19311003 Two Bucks, Two Games:  A ducat for a doubleheader (1931)

The 1930s are a underappreciated period of Michigan football, and the goings on in 1931 alone provide a representative morsel.   Click below for a spicy version of This Week in Michigan Football covers a wide range of events on campus in the wacky year eighty four years ago:

For more on the Rum Raid of 1931 click here
For more on the special charity football game played at the end of the 1931 season click here.

You can listen to all 6 years of This Week In Michigan Football History here.  And don’t forget to catch the whole KeyBank Countdown to Kickoff on WTKA 1050AM starting 4 hours before each game, and of course live in the Bud Light Victors Lounge when they lace them up in Ann Arbor.  

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This morning we take a trip back to 1931 – a difficult time for the American people including those on campus in Ann Arbor. Not only was the country in the midst of the Great Depression, it was illegal to drown your sorrows as the law of the land was still Prohibition– making alcohol possession a crime.

These social forces were evident in 1931 as the year started out with a major booze raid on the local campus fraternities – all told 75 students were nabbed including the captain of the 1930 football team, a forward on the hoops team, the president of the student council and the sports editor at the Michigan Daily. The students were eventually given a slap on the wrist, but they never got back the estimated 50 quarts whiskey and gin that were confiscated by the cops.

The athletic department had other problems, namely how to get fans through the Michigan Stadium gates. The great Depression rendered a two buck ticket to the Big House a luxury, eventhough head Coach Harry Kipke had assembled a championship-calibre squad.

In a ploy to draw fans into the Big House, it was on this day in 1931 that U of M played a double header – that’s right, 2 games on one afternoon – to start the year. The opponents were Central State Teachers College and Michigan Normal, known today at Central Michigan and Eastern Michigan respectively. Naturally the Kipke’s Wolverines took both lambs to the slaughter, pitching 27-0 and 34-0 shutouts—- but only 13 thousand fans bothered to watch.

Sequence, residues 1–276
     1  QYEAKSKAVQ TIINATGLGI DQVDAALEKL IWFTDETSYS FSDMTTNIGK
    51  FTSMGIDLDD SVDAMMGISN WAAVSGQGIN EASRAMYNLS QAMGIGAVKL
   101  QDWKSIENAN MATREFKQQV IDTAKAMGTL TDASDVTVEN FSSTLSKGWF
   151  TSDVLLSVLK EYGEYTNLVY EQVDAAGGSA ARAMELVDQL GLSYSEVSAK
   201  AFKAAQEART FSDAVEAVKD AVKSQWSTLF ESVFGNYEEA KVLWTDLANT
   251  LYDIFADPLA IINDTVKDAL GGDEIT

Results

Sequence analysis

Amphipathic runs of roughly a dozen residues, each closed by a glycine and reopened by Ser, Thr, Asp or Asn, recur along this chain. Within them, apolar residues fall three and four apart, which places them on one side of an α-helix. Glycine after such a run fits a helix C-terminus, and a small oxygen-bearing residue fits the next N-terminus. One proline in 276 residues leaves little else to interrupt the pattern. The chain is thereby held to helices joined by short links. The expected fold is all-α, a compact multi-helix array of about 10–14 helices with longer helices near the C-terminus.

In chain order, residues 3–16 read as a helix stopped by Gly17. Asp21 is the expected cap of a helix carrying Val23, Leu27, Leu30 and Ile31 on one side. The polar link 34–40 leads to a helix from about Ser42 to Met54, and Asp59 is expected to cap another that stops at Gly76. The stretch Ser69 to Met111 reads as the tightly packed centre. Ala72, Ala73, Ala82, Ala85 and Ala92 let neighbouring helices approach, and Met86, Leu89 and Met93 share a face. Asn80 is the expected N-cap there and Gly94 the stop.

To conclude the bizarre year, the Western Conference agreed to schedule a full slate of “extra” games to benefit a fund for unemployed workers.   Michigan was originally set to face Northwestern in the Big House, which would have set-up a match of the teams that shared the 1930 conference crown. But just weeks before the game, the conference brass shifted the schedule to have Northwestern play Purdue in Chicago at Soldier Field – and Michigan was left with Wisconsin.

Upon hearing the swich-er-oo folks in Ann Arbor were steaming. Fielding Yost called the whole thing a mess, and predicted a light turnout. The Michigan Daily suggested a boycott. Charity be damned – students were quoted saying they “wouldn’t give a nickel” to see a weak Wisconsin squad.

Ironically the biggest benefactor of the whole event, which raised $154,000, was Meeechigan. Northwestern ended up losing to Purdue 7-0, so those who watched the maize and blue beat the Badgers 16-0 actually saw them earn a share of the league title and perhaps some momentum in the next two glorious years — when Kipke and crew won back-to-back national titles.


For more, check out and For the Keybank Countdown to Kickoff, this is Greg Dooley.

A wise man once said it is better to look good than to feel good.  In the aftermath of Saturday’s mess and everything else going on you don’t feel good.  So a suggestion: gather up the kids and head down to Contempo Salon and Spa Monday between 4-8pm to support a fundraiser for Chad Carr.  

Get a cut and you’ll look good.  Support this cause and you’ll feel good.  Details:

Cuts for Carr

Go Blue!  #ChadTough

[Ed. With the talk of boycotting Saturday’s game (or at least the kickoff), a repost.  It’s not the first time there was talk on campus of boycotting a home game, although the circumstances in 1931 were quite different. Originally published in July 2011.]